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Jitneys: Sociable or Silent Cab Rides?

By Jesse Thompson

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When you don’t own a car to get around town, you probably click a button on your mobile phone to call an Uber or Lyft. Those yellow cars that used to pick us up ages ago…what were they called? Oh, taxis! In the early- to mid-20th century, the Hill District community in Pittsburgh relied primarily on jitney service, an unregistered network of cabs that offered Hill residents shared rides throughout the city. In 1914, jitneys emerged in the U.S. as Ford Model-T owners learned they could earn extra cash by carpooling. Soon after in Pittsburgh, jitneys emerged as essential transport for African-Americans in the Hill during a time of racial segregation. They also offered a sonic experience that was very different from cab rides we experience today, because jitneys connected the neighborhood and encouraged everyday socialization.

To get a sense of the sounds and routines of jitney transport, I talked with Terri Baltimore, the former director of community engagement for the Hill House Association and the current Activities Coordinator at Macedonia FACE Active for Life Center in the Hill District, who was born and raised in the Hill District. Jitney rides were the main transportation for her family since they, like many families in the Hill, did not own a car. Ms. Baltimore recalled how the jitney ride always began with a telephone call. When she finished Sunday dinner with family, there would be a car waiting to take them where they needed. Riding with the same drivers from week to week, Ms. Baltimore remembered that they were like close friends or family who they trusted entirely. During the rides, people would certainly gossip, because how else does the community stay connected with each other’s business? Riders and drivers would catch up on the local news, official and unofficial. Sometimes conversation would turn to activism and civil rights, particularly the events organized by local leader Frankie Mae Pace.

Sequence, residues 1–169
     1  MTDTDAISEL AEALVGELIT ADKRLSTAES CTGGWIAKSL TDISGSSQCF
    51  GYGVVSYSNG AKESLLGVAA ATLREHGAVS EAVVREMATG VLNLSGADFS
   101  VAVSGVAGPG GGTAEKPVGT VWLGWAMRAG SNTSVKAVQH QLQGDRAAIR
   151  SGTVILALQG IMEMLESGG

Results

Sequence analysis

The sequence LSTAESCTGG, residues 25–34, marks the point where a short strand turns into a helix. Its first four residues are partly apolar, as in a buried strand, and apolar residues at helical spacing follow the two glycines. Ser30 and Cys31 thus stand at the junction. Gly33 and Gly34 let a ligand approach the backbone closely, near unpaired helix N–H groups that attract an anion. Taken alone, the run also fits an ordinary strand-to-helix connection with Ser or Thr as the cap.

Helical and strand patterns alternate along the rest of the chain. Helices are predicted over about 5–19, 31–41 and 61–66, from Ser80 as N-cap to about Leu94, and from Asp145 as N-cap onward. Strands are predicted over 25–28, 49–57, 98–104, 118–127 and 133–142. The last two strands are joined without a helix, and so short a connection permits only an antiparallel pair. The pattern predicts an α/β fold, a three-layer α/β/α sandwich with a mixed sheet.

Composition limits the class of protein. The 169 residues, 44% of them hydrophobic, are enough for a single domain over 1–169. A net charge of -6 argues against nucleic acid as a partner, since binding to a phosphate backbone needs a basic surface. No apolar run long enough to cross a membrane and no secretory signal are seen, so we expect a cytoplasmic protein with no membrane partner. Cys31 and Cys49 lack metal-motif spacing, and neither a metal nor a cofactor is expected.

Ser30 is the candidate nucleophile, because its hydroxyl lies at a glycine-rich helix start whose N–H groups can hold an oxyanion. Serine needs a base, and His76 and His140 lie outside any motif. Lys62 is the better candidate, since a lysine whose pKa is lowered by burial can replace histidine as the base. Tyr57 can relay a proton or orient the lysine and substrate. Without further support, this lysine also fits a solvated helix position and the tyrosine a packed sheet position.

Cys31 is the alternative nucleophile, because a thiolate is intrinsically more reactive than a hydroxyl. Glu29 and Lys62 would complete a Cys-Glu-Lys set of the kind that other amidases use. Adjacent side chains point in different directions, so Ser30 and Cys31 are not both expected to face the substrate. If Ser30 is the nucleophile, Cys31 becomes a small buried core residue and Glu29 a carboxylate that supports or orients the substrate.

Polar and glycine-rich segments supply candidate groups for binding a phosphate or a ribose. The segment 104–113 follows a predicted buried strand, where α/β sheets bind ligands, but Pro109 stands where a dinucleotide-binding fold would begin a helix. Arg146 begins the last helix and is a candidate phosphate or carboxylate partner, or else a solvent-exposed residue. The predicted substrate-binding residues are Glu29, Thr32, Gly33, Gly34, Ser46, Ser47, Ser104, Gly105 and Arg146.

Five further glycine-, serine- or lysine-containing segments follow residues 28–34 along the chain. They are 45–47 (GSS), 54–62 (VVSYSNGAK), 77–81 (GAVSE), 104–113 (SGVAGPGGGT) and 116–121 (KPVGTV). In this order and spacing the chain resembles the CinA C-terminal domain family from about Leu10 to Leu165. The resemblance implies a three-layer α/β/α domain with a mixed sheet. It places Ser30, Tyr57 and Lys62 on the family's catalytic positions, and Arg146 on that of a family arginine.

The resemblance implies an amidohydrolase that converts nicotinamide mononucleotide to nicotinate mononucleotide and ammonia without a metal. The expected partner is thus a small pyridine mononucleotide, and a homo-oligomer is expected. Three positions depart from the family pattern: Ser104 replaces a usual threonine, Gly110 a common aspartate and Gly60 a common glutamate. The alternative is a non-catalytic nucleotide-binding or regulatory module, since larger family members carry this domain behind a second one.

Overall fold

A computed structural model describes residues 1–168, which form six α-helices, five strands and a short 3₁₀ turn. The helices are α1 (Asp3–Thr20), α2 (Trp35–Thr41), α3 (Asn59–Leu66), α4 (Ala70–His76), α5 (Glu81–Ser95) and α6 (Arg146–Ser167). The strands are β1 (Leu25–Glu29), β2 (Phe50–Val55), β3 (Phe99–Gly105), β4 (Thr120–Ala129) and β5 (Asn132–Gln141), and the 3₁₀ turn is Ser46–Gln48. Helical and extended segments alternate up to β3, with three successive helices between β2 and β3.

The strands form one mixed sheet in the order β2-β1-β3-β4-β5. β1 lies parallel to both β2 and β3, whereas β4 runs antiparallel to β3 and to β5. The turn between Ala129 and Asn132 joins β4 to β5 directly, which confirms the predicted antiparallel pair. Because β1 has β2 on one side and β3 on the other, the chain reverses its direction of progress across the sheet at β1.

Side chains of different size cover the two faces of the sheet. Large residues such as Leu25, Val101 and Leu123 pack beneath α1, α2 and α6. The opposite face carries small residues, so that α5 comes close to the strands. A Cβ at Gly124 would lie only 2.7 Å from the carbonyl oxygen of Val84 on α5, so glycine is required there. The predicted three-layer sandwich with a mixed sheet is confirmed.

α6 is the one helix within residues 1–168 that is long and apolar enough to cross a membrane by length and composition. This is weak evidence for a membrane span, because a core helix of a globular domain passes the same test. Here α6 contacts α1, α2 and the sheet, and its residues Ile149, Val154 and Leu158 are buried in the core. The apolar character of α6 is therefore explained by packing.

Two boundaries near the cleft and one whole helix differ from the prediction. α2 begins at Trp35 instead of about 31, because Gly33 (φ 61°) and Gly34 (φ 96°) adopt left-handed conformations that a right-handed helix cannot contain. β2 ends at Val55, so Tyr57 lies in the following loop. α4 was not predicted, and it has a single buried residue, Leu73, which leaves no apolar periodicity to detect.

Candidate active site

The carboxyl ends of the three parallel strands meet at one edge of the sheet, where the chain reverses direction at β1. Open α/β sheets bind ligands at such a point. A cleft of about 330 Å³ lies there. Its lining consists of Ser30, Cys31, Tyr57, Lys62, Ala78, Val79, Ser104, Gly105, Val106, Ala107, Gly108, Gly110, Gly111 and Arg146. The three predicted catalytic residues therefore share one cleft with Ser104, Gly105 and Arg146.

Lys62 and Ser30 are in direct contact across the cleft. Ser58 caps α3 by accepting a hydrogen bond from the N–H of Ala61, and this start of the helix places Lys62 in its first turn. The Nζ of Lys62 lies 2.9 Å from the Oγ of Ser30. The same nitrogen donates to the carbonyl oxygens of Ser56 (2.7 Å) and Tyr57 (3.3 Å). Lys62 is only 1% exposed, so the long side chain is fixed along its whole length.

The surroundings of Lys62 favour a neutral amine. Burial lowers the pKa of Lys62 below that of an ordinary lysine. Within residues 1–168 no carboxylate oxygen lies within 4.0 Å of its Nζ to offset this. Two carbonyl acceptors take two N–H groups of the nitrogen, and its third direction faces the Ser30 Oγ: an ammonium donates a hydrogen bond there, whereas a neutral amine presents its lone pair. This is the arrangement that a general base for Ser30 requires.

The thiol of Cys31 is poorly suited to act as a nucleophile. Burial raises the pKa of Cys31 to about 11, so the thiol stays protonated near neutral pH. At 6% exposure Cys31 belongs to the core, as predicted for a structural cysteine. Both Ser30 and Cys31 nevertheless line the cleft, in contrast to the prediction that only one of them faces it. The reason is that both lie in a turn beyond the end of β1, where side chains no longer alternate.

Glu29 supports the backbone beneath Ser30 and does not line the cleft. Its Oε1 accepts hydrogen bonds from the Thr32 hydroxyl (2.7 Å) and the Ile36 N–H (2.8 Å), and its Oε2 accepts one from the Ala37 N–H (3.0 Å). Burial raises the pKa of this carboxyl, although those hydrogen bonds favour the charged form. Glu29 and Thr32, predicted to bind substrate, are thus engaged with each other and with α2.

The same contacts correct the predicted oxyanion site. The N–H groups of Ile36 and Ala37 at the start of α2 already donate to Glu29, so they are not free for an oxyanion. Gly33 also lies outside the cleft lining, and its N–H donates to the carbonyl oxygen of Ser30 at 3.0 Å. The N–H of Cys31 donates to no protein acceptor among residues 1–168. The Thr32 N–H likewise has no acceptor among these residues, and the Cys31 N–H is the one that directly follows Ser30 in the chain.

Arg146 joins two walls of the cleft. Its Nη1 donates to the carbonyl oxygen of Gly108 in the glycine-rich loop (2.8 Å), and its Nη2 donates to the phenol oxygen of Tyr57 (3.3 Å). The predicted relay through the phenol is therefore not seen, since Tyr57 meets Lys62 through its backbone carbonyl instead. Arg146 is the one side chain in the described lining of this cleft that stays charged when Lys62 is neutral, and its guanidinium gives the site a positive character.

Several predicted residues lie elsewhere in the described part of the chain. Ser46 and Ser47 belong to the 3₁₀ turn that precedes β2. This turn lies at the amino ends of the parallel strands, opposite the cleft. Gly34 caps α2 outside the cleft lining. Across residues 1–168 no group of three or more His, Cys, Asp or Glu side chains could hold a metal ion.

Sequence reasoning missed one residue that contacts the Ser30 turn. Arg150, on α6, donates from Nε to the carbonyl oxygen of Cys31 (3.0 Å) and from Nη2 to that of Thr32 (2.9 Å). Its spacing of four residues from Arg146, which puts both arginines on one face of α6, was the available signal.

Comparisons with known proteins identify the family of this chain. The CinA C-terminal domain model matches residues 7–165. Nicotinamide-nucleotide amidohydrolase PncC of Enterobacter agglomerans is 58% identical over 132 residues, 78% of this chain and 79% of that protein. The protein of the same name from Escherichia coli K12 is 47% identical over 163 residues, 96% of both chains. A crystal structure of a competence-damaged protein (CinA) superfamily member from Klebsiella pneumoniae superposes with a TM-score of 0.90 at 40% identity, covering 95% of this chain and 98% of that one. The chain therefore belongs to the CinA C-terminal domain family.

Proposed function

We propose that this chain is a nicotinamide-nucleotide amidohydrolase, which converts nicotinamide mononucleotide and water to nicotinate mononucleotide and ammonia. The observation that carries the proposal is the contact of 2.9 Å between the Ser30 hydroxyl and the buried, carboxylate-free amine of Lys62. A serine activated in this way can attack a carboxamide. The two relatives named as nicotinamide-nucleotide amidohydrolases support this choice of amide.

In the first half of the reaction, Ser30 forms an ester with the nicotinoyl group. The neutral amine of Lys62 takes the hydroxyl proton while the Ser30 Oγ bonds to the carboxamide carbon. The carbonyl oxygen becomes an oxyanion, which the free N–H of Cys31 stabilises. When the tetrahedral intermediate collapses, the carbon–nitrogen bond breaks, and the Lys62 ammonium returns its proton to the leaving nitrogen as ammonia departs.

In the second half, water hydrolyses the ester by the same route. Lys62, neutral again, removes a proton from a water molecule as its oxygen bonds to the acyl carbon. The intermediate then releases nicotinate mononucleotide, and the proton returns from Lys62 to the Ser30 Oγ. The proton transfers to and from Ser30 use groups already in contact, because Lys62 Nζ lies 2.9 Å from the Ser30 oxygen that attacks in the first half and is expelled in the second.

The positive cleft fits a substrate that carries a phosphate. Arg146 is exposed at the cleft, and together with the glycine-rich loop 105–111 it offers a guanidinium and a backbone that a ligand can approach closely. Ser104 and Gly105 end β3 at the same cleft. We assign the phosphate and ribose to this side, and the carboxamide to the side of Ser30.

Facing segregation and racial prejudice, Black families were routinely denied transportation in city cabs, and therefore the jitney was integral, ensuring the community’s right to get around town. In fact, over 85% of jitney patrons in Pittsburgh were Black. The jitneys in the Hill were unlike jitneys in other cities, in that they connected the community while fostering a sense of reliability and security for Black Pittsburghers. Ms. Baltimore observed that the main difference between historic jitneys and today’s Ubers is that Ubers are transactional whereas the jitneys of the Hill built relationships.

Pittsburgh Jitney
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Sound clip created by Jesse Thompson

In the audio clip, you will hear a re-creation of a scene at a jitney station, using dialogue directly from August Wilson’s Jitney (1979), one of his many plays about life in Pittsburgh's Hill. Notice how the transaction starts with a ringing telephone. Then, you’ll hear how the ride route is established at the start of the call. As was typical, the driver tells the client what color cab to expect, sets the price of the fare, and informs the rider when they can expect a pickup. In this audio clip, the driver and rider don’t know each other. However, often drivers would recognize each other’s voice, or clients would request their favorite drivers.

The Uber system we have today is not nearly as personable. One driver is not valued any more than the next, so long as they get the rider to their destination. In fact, having a personable, chatty driver can be considered a detraction. Uber lets comfort riders specify the car’s temperature and demand “quiet mode,” with no music or conversation. These priorities are fundamentally different from the historic jitneys of the Hill. As you take your next Uber ride through Pittsburgh, you might initiate a conversation with your driver in an effort to keep the personality, and human connection of the jitney alive.

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Australia, Uber. “Taking Comfort to New Heights: Introducing New Quiet Mode and Extended Wait Rider Preferences to Uber Comfort.” Uber Newsroom, Accessed 2 May 2024. 


Wilson, August. Jitney. New York: Overlook Press, 2003.

Gwin, Ben. The Pittsburgh Neighborhood Guidebook. Cleveland, OH: Belt Publishing, 2021.


Steigerwald, Bill. “Jitneys Were Pittsburgh’s Answer to Racist, Monopoly Taxicabs.” The Steigerwald Post, 11 Feb. 2024. 

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